The questions can be answered by a clarification of what we mean by “God’s Will”. I can look back in history and say that it was definitely God’s Sovereign will that George W. Bush serve as president for the first 8 years of this millenia. No doubt about it. It happened so it was God’s Will that it happened. This is not a commentary on whether God was pleased with George W. Bush anymore than God was pleased with Bill Clinton before him. Nor does this tell us whether it might have been God’s moral will for the citizens of the United States to have impeached any former president. Similarly, we can look back and see over the past two election cycles that it was God’s Will that Barack Obama be president because that is what happened. Whatever happens is part of God’s Sovereign Will because nothing happens outside of God’s Sovereign Will. However, this does not mean that it will never be part of God’s moral will for people to vote against or impeach any current leader. God’s willing something sovereignly to happen is not necessarily His commendation on that person or that circumstance. God does sometimes use evil for the ultimate good of His people. The idea of the divine right of kings was a faulty understanding of God’s Will and the place of government in people’s lives. Just because a man was born a prince and ascended to the throne as king did not mean that people were not following the Scripture if they resisted tyrannical rule. It was God’s Sovereign will that Hitler rise to political power in Germany during the middle of the last century. Yet, I believe, though this might be much debated, that it was God’s moral will for men like Dietrich Bonhoeffer to band together and plot Hitler’s assassination. Whether or not we take it to the extreme of assassination, the point is that just because God exercises His Sovereign will for certain figures to come to political power does not ever mean that God may desire for people to stand up against tyrannical rule. Just as God commanded that we be subject to authorities, He also commanded that we love our neighbor. Loving our neighbor (which includes our families, our children, our churches, as well as actual neighbors) may involve resisting their suffering caused by evil rulers. This will always be a wisdom issue because we can never know beyond a shadow of a doubt what God’s ultimate will is until it has happened and because God’s moral will, though most often is crystal clear, may not always be perfectly understood in every situation.

    The reference to Cromwell and the Calvinists as destroying the king is an unfair one. Not every Calvinist was against the king, and his being destroyed was not over whether he was Calvinist or not, but over treason. The English Civil War was a multi-faceted war as almost every one of them is. One of the main purposes and outcomes of the war was that the king did not have the right to rule to the exclusion of parliament, an idea that sounds very American.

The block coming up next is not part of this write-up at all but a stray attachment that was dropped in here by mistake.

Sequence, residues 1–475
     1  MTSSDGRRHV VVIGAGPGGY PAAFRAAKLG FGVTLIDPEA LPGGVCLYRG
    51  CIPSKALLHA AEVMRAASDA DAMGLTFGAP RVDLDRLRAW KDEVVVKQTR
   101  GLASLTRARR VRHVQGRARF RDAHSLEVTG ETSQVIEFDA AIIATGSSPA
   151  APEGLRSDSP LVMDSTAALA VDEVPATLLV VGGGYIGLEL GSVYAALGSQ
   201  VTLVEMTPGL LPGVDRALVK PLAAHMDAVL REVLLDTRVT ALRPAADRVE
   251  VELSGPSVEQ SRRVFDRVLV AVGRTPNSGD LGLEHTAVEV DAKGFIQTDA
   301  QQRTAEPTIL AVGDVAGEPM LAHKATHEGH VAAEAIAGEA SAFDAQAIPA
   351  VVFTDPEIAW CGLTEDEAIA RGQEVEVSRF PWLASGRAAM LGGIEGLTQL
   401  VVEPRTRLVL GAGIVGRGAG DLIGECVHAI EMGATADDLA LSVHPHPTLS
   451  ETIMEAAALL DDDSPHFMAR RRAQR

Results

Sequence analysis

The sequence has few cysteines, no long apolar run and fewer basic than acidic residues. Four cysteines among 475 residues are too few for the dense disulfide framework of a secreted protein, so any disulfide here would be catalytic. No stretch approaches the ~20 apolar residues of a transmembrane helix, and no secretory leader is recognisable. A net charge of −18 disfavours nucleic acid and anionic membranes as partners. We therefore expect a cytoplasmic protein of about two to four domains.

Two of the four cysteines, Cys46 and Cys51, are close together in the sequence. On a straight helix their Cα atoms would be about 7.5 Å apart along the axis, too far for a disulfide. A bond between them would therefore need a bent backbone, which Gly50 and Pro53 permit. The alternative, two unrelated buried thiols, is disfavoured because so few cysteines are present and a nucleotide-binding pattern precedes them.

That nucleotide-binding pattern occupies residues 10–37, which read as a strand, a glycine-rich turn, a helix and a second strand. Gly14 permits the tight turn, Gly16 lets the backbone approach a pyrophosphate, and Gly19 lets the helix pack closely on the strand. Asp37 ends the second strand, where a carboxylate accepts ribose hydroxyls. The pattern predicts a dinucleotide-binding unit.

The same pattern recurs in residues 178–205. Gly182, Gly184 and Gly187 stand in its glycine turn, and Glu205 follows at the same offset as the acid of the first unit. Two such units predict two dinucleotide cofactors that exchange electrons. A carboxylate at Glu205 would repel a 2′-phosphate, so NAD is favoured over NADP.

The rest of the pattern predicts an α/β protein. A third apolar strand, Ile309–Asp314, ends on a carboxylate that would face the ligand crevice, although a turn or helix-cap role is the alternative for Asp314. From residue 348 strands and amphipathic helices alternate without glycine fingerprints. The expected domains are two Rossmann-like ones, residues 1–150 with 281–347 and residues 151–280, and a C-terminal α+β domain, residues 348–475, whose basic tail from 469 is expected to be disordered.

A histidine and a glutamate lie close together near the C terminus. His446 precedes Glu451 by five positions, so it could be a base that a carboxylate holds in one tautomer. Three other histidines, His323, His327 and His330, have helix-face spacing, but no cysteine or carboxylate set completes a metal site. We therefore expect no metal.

16. 11. Keep in mind that the rest of the world looks at the USG as a dangerous child, with the capacity to blow the hell out of entire countries. So, please, consider the Foreign Policy of the next guy: does he want more war? Is he going to invade another country to defend “American interests over-seas”? Will more death and destruction follow in his wake? Will he continue the rendition programs of the Bush and Obama administrations? Will more drone strikes occur and kill innocent children and women? Will he repeal the NDAA?

    Kind regards,

  17. Greg says:

    I dunno Kevin … I think we may be at a Samson or Jehu moment.

    I don’t think those guys had exemplary personal lives, but God used them to do things that needed to be done.

  18. Sue says:

    The CNN debate gave such a short amount of time for the candidates to speak and even then on trivia topics (ie “What do you think about what he said about your face?”) The following day there was an event where 10 of them accepted the opportunity to answer important questions with ample time to speak. It wasn’t televised but here’s the link for anyone interested: It was sponsored by Heritage Action.

  19. Shani Duskin says:

    What’s up it’s me Fiona, I am also visiting this web site regularly, this web page is truly nice and the users are genuinely sharing good thoughts.

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Kevin DeYoung

Kevin DeYoung is the senior pastor at Christ Covenant Church in Matthews, North Carolina. He is chairman of the board of The Gospel Coalition, assistant professor of systematic theology at Reformed Theological Seminary (Charlotte), and a PhD candidate at the University of Leicester. Kevin and his wife, Trisha, have seven children. You can follow him on Twitter.